Republican presidential nominee Donald Trump is expected to address his stance on immigration in the coming weeks, but assured voters he is not flip-flopping.
Nineteen sixty-one was a remarkable year. In the U.S., Freedom Riders were progressing the cause of civil rights and Kennedy was dreaming about the moon. Humans, for the first time, sailed with the stars and orbited our planet. Around the world, the Cold War was ramping up its ferocity, walls were being built in Berlin, and two nations were flexing their nuclear arms. Against this backdrop, in a small laboratory at Yale, a young psychologist would revolutionize our concept of obedience and authority. Stanley Milgram was all of 28 years old and had just completed his Ph.D. in the burgeoning field of Social Psychology.
Milgram's interest in obedience to authority reflected another major event from one year earlier: the trial of Adolf Eichmann. Milgram grew up a Jew during an era of severe persecution, culminating in the mass murder of millions of Jews across Europe. Following WWII, many people, including Milgram, asked how so many people would willingly participate in the mass slaughter of millions of innocent people.
Eichmann was one of the principle determinants of the Holocaust and during his trial would claim that he was only "guilty of having been obedient." Though he would hang for his role in perpetrating the Holocaust, he was just one of many who would claim that they were just following commands. But to what extent does obedience to authority really explain blind devotion? And can such blind devotion really happen on such a large scale?
Thus, Stanley Milgram developed a social experiment to test the boundaries of obedience to authority. Volunteers were solicited under the guise of testing memory and learning. Once in Milgram's lab, these volunteers were asked to test the memory of a second participant, the "student" (an actor). With every wrong answer, the volunteer was to administer increasingly painful electrical shocks to the student. Despite shouts of pain and requests to stop, the volunteer was prodded to continue (it was unknown to the volunteer that the shocks were not real) up to a maximum of 450-volts. Surprisingly, 65 percent of participants continued to shock up to the maximum. There were no predictable traits for those who continued to obey. Education or social status had no effect on the final result. As Milgram wrote, "for many persons obedience may be a deeply ingrained behavior tendency, indeed, a prepotent impulse overriding training in ethics, sympathy and moral conduct."
Return to present day and our current presidential election battle. Donald Trump's inexplicable rise has effectively been a nation-wide Milgram experiment. He is not particularly presidential, he lacks concrete understanding of policy, and he has not generated any detailed plans about how he might run the country. But to the constituents who support him, none of this matters. His authority is based on the image he projects and, much like Milgram's experiment, it is irrelevant whether this image is based in reality or not. Unlike previous presidential candidates, Mr. Trump's name has celebrity and staying power. His is a household name and one which, for the mainstream person who knows little about him, is synonymous with success and authority. His trademark line "You're Fired!" commands obedience. And his followers have already demonstrated that they will continue to increase the "shock" as long as The Donald will take responsibility for it.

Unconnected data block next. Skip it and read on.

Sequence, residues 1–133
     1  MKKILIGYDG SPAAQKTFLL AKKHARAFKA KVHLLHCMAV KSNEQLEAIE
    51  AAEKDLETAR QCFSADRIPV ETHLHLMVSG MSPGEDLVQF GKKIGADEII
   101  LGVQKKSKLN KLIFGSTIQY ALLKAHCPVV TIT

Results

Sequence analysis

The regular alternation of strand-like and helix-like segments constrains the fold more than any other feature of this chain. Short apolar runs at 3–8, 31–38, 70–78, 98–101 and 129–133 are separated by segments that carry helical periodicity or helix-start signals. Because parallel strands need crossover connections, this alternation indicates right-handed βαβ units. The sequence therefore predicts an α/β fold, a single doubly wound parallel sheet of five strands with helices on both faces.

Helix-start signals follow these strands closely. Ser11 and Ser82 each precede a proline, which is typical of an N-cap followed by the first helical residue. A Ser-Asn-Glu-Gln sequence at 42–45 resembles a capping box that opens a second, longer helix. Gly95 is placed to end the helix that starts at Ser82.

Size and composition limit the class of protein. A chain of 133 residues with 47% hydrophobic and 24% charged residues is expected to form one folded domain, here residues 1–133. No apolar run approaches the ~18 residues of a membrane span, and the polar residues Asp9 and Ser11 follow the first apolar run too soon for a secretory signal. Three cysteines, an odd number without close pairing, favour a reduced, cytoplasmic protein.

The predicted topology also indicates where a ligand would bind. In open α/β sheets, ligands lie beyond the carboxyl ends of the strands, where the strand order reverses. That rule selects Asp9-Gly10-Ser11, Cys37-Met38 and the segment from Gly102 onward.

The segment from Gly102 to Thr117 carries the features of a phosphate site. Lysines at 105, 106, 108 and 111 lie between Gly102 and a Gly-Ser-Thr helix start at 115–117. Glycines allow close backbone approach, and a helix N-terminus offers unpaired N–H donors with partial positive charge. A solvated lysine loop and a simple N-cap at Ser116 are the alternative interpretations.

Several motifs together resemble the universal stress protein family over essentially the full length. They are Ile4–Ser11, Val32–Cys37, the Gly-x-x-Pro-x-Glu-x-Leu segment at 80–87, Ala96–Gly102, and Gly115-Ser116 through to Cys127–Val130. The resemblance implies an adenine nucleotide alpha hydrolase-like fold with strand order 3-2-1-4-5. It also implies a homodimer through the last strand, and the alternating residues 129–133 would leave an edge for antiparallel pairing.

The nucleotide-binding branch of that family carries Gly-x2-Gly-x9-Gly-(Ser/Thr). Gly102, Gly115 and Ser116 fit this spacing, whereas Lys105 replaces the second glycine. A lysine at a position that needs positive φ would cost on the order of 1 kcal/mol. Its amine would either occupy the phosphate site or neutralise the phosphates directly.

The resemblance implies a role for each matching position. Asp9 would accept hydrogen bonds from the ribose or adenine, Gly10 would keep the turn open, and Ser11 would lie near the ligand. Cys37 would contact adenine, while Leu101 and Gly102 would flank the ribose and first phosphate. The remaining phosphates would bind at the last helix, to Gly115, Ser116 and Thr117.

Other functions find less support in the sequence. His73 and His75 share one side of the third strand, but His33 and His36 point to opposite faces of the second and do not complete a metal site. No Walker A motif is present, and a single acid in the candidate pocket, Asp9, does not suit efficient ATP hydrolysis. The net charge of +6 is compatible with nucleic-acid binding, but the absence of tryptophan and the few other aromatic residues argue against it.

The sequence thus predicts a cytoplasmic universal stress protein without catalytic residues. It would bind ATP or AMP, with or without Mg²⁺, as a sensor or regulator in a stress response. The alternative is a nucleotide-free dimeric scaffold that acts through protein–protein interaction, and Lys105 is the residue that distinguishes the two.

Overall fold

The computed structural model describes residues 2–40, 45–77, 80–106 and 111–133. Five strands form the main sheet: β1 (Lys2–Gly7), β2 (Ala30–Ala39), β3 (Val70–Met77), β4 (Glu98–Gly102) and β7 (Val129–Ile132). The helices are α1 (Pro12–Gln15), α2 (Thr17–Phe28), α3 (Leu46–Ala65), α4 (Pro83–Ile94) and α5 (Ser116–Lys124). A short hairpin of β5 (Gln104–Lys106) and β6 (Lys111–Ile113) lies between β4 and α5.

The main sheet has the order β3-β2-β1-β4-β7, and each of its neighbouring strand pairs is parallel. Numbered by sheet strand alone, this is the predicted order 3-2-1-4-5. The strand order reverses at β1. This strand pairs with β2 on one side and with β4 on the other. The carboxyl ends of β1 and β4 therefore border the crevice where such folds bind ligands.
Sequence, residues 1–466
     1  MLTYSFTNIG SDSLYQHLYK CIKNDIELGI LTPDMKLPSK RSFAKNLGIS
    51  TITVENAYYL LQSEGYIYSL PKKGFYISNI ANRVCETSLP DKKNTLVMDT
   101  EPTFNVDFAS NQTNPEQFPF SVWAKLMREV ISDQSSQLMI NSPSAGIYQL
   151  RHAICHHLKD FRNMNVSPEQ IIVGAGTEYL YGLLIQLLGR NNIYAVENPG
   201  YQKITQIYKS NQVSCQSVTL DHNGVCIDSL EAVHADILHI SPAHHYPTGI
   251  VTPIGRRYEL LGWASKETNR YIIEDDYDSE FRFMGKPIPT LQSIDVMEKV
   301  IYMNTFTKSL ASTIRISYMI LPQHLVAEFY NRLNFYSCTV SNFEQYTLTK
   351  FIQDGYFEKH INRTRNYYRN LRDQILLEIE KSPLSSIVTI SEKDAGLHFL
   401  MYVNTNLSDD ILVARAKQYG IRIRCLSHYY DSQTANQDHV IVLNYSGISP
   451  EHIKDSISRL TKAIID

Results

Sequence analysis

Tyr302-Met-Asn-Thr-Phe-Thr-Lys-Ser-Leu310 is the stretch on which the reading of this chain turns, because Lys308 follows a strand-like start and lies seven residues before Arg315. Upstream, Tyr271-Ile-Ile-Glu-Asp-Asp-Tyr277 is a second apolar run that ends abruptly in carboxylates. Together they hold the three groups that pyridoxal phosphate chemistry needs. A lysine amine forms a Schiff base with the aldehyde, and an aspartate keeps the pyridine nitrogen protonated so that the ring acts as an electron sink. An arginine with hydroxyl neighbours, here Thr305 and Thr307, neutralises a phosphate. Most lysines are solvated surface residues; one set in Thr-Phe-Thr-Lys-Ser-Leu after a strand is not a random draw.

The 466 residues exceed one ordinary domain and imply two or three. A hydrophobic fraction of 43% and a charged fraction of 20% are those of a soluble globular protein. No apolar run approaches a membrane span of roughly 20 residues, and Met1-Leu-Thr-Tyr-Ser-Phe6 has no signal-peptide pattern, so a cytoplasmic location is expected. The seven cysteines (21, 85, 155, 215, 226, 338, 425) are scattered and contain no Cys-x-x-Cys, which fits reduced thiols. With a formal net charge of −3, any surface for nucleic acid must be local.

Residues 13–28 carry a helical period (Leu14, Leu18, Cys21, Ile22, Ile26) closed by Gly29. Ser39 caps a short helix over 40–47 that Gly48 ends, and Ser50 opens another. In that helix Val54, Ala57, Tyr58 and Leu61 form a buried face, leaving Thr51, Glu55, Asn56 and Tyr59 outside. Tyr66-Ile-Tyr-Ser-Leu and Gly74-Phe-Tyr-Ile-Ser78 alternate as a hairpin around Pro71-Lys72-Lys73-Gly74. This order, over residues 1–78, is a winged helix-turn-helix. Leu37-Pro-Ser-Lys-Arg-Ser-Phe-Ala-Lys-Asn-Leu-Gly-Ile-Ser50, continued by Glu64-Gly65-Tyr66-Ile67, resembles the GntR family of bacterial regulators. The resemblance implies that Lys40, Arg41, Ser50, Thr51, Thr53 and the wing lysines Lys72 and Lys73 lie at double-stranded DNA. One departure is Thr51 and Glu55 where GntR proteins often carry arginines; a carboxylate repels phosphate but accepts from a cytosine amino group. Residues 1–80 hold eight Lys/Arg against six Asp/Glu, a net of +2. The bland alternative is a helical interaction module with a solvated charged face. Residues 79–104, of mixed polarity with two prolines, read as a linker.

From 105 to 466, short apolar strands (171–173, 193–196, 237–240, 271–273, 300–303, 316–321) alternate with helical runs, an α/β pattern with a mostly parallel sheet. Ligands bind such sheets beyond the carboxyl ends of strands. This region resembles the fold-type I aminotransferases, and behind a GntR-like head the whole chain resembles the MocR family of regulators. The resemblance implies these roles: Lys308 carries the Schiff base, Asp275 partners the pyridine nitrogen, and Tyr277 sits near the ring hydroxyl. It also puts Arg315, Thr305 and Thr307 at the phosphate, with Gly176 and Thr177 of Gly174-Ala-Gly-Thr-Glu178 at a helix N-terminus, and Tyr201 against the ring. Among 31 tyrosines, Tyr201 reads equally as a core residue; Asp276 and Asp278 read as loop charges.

Mr. Trump's supporters fall almost universally into what Milgram called an "agentic" state in which a person allows another individual to take responsibility for, and dictate the direction of, their actions. They rationalize and attempt to validate the actions of their authority figure. We need not be limited to our current election cycle to see the real world effects of blindly following the Pied Piper. The Venezuelans followed Chavez off of the cliff and the Cubans, Castro. Hitler moved the masses with aggressive propaganda, hate-filled speech and repetition of false themes. When Mr. Trump threatens to excise Muslims from this country or to build walls to prevent immigrants from entering, when he harangues veterans for their sacrifices while extolling the virtues of dictators and oligarchs, when he says that he alone can "fix" America, he is placing the world in the electrical chair and prodding the American masses to keep ramping up the volts. Mr. Trump's rhetoric and intentions are profoundly concerning. The greatest danger, however, is our willingness to blindly obey. We must overcome this now so we will not regret it later.
Dr. Jack Mather is a surgeon at the University of Maryland Medical Center's R. Adams Cowley Shock Trauma Center. His email is email@example.com.